- WINDSOR, Arthur Lloyd (c. 1833-1913)
- journalistcame of a Canadian family, owners of a sugar plantation in the West Indies. He was born at sea on a voyage to Barbados, probably in 1833. His father died when he was five years old, and when he was about eight he was sent to school at Ottery, St Mary, Devonshire. He left school at 17, lived at Clifton and did some writing for the London press. He then returned to Barbados and for about 18 months taught at Codrington College. About the end of 1855 he went to Montreal and later to Glasgow. He worked as an army coach and also contributed to leading reviews; he had articles on Defoe and on Montaigne in the British Quarterly Review, in 1858. A collection of his articles was published in 1860, Ethica: or Characteristics of Men, Manners and Books, written in a bright and confident style, and showing a width of reading remarkable in so young a man. He was appointed editor of the Melbourne Argus not long afterwards, but resigned on a question of policy after holding the position for two and a half years. Windsor subsequently went to live at Castlemaine and edited the Mount Alexander Mail for three years. In 1872 he succeeded James Harrison (q.v.) as editor of the Melbourne Age, and continued in this position for 28 years. It was a period of great importance for Victoria which saw the transition from a colony depending principally on the pastoral industry and gold-mining, to one in which agriculture and manufacturing were to be even more important. David Syme (q.v.), as proprietor of the Age, directed its policy, and there were periods when he practically ruled Victoria. Windsor's vigorous and gifted mind was the medium through which Syme's ideas were brought before the public. The literary power of his leaders and other contributions was strongly felt by their readers, and Windsor's influence on the period marked him as one of the great journalists of his time. He retired in 1900 and lived at Melbourne until his death on 20 January 1913. In private life he was quiet and retiring, but he was a man of broad sympathies, and in suitable company showed great powers as a conversationalist.The Cyclopedia of Victoria, 1903; The Age and The Argus, 22 January 1913.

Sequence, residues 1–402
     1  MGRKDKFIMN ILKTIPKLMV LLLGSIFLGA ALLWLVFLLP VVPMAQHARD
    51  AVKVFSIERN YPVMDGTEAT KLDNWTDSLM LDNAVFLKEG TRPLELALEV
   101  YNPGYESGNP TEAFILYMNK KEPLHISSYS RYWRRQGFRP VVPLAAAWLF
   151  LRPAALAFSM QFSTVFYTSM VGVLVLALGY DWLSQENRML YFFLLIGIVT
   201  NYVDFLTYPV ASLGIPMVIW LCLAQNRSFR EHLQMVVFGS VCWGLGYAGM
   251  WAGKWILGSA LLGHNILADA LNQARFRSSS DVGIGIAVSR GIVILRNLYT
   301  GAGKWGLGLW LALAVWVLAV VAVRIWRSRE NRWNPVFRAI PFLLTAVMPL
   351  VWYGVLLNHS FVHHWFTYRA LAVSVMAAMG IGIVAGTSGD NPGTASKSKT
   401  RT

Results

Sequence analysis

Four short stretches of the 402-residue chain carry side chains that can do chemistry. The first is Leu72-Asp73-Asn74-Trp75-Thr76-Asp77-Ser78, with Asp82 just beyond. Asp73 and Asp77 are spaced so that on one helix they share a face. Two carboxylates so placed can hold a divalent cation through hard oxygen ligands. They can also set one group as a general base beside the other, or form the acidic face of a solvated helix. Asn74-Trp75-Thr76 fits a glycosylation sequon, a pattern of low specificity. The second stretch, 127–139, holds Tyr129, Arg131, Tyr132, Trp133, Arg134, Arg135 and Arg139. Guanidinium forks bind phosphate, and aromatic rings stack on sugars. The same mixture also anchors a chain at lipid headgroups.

Dictionary of Australian Biography by PERCIVAL SERLE. Angus and Robertson. 1949.
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